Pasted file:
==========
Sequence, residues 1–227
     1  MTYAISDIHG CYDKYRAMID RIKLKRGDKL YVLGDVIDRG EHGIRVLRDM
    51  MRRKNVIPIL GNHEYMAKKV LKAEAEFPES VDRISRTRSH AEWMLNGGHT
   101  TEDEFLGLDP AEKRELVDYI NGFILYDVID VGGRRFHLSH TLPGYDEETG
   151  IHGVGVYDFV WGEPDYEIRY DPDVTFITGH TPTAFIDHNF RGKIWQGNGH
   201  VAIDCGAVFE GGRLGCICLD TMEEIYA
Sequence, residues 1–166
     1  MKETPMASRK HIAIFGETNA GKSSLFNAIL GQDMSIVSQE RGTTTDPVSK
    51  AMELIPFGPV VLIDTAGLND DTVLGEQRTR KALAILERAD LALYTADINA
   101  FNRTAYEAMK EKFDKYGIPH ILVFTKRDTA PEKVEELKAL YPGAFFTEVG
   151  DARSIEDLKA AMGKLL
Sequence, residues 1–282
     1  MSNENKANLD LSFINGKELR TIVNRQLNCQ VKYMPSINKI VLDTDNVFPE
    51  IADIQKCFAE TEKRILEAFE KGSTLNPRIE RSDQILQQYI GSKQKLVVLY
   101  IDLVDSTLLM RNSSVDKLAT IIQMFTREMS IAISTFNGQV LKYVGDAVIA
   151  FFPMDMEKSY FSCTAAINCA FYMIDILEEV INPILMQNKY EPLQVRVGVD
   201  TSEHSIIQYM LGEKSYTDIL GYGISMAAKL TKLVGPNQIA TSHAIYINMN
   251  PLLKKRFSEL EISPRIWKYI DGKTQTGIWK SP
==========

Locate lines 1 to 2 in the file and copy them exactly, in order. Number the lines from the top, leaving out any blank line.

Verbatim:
Sequence, residues 1–227
     1  MTYAISDIHG CYDKYRAMID RIKLKRGDKL YVLGDVIDRG EHGIRVLRDM